3 Indian writers shortlisted for Commonwealth Writers' Prize
London, (PTI): Three Indian authors are among the 12 candidates shortlisted for the 2008 Commonwealth Writers' Prize, it was announced Tuesday.
The three Indians shortlisted for the Best Book Award are David Davidar (The Solitude of Emperors), Usha K R (Girl and a River) and Indra Sinha (Animal's People).
Of the three, one lives in India, while another lives in Canada. Indra Sinha lives in France and his book "Animal's People" was also shortlisted for the Man Booker 2007.
British writers chosen for the coveted prize include Hari Kunzru (My Revolutions), Nicholas Shakespeare (Secrets of the Sea), Priya Basil (Ishq and Mushq), Catherine O'Flynn (What was Lost), Jeremy Page (Salt) and J M Shaw (The Illumination of Merton Browne).
Two Pakistani authors Mohsin Hamid (The Reluctant Fundamentalist) and Shandana Minhas (Tunnel Vision) were selected, while Tahmima Anam (A Golden Age) is Bangladesh's entry to the list.
Regional Chair, Professor Makarand Paranjape (India) said, "For the best book category, we have an outstanding selection of works by some of the finest writers in the English language, drawn from India, Pakistan and England."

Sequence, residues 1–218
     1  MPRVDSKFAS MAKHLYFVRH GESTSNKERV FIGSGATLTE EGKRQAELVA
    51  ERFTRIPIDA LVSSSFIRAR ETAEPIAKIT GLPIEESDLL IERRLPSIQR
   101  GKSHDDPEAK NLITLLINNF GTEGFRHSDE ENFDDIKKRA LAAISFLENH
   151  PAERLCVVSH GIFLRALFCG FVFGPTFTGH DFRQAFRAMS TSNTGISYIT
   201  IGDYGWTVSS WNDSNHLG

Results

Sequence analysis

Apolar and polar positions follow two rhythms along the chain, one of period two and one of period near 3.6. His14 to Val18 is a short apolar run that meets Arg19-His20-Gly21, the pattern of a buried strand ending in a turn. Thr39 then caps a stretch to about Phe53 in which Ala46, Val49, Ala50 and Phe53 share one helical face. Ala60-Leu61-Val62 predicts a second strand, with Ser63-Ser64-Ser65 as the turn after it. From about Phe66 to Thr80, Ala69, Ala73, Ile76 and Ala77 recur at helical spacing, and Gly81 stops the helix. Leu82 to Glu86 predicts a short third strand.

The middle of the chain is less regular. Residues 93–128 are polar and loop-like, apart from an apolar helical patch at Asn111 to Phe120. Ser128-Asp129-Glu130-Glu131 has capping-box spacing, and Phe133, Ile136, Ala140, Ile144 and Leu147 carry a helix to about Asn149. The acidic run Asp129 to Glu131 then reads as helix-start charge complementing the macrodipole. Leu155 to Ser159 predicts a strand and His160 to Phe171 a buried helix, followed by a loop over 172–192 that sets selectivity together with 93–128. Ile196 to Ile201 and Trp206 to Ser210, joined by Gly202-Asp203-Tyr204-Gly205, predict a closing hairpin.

"In the best first books category, we have received very strong regionally flavoured novels, including books set in coastal Norfolk, Birmingham, Bangladesh, Karachi and Kenya, showing a rich harvest of talent from the Commonwealth."
The two regional winners will be announced on March 13 during the Commonwealth Week and will enter the final stage of the 2008 Commonwealth Writers' Prize with the six other regional winners from Africa, The Caribbean, Canada, South East Asia and the South Pacific.
Each regional winner will take home 1,000 pounds.
The winners of the overall Best Book and Best First Book prizes will be selected by a pan-Commonwealth panel in South Africa in May.
The prize money for the overall Best Book category is 10,000 pounds, while it is 5,000 pounds for the author of the Overall Best First Book.